(i) the introduction of a specific regulation on leveraged buyouts that cast away doubts on whether merger leveraged buyouts are legal in Italy and brought a new, positive approach toward this type of transaction. The new rules provide that a merger between a leveraged vehicle and the acquired target, where the target acts as a general guarantee for, or source of reimbursement of, the debt incurred by the vehicle, will not, per se, breach the general prohibition of financial assistance structures, to the extent certain requirements are met. Those requirements include a description of the financial resources that are expected to be used by the merged company to fulfill its obligations, the indication of the reasons justifying the merger and the objectives that the merger is expected to accomplish;

(ii) the provision allowing companies (those incorporated in the form of an S.p.A.) to "pick and choose" from among a broad range of possible types of financial instruments, enabling them to tailor their equity, stock and financial structure to best suit their actual needs or the different roles played by different categories of their shareholders. Pursuant to the new rules, companies may choose to issue shares with different voting and/or dividend rights, shares with veto powers, no-par stock, redeemable shares, tracking stock, non-share instruments. Furthermore, the corporate reform also reduced, to a certain extent, the restrictions on the amount of bonds that a company can issue. The flexibility of the financial structure of the companies opens different opportunities, allowing private equity and venture capital funds to better tailor their risk profile depending on the type of target and investment they are prepared to make and to better deal with minorities;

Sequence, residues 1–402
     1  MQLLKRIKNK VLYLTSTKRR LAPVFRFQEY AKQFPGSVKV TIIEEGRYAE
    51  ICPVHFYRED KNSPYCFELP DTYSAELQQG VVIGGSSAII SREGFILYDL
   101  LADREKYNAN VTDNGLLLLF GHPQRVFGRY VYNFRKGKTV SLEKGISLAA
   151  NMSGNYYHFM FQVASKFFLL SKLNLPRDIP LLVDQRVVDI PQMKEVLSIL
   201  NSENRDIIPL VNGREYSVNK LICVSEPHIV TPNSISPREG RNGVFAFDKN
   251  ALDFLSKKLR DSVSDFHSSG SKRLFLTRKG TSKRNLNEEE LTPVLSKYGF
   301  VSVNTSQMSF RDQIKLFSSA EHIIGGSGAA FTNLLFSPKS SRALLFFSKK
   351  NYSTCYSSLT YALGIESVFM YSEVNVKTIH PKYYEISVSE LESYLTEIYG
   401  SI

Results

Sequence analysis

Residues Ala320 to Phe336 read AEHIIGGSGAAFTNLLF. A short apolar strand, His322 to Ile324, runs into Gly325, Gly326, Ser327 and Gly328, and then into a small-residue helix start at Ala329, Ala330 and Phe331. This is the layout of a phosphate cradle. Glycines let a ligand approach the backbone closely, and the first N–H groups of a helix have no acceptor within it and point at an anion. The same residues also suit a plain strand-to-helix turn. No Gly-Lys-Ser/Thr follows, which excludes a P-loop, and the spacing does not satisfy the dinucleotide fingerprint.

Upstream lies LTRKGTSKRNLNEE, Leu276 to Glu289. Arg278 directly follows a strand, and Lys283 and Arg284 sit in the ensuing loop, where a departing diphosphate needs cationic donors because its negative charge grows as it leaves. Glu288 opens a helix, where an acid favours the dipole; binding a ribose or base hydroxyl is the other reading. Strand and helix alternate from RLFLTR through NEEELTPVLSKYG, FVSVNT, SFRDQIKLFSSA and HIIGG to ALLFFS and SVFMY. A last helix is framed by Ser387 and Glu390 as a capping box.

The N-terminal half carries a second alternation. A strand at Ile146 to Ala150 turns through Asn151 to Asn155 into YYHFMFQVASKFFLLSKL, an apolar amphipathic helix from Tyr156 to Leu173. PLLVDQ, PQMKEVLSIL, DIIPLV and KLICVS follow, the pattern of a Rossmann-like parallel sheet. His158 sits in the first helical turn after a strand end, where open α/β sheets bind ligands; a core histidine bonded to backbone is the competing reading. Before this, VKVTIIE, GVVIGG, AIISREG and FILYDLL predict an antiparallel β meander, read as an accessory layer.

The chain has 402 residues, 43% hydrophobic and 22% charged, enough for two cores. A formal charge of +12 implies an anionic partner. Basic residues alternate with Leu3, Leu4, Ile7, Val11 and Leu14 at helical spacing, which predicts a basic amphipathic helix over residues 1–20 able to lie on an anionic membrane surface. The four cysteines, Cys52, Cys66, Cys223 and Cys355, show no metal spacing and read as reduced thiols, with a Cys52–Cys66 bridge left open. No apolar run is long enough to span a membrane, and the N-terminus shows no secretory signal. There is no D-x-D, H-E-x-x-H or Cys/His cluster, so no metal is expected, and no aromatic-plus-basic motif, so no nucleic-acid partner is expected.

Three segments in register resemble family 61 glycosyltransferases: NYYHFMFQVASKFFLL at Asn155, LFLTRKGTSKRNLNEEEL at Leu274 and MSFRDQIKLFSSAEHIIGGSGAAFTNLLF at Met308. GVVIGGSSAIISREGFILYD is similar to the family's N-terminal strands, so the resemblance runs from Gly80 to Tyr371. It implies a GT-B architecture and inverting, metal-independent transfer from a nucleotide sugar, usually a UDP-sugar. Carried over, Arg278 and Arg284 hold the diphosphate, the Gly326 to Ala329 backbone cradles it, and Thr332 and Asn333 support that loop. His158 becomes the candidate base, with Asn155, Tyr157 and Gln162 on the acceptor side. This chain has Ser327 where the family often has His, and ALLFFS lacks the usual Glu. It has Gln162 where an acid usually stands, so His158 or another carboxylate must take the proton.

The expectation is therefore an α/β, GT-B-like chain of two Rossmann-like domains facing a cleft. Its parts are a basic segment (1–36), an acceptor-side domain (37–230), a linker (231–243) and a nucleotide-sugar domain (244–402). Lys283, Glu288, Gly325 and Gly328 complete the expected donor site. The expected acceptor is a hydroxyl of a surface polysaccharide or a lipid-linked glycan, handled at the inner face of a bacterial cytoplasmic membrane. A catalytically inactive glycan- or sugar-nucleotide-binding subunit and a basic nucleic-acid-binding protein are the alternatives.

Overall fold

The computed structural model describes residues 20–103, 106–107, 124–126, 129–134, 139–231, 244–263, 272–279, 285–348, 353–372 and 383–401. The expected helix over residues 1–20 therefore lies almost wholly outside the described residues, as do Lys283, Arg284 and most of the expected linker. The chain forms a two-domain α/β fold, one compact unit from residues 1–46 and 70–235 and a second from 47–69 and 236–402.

(iii) the broadening of the available instruments to incentivize management. As the financial structure of the equity may vary, the possibility to issue new financial instruments offers an interesting alternative to structures that contemplate granting stock options or minority interests to incentivize the management to stay with the company. Now analogous management-retention goals may be achieved through financial instruments different from shares;

(iv) the introduction of three new alternative governance models providing for a clear separation of the ownership, management, audit and accounting control functions. These new governance models will give private equity and venture capital players a chance to structure the governance of the target in the most efficient manner, addressing their need to be continuously kept abreast of the development of the business without, however, being necessarily involved in the day-to-day management of the target.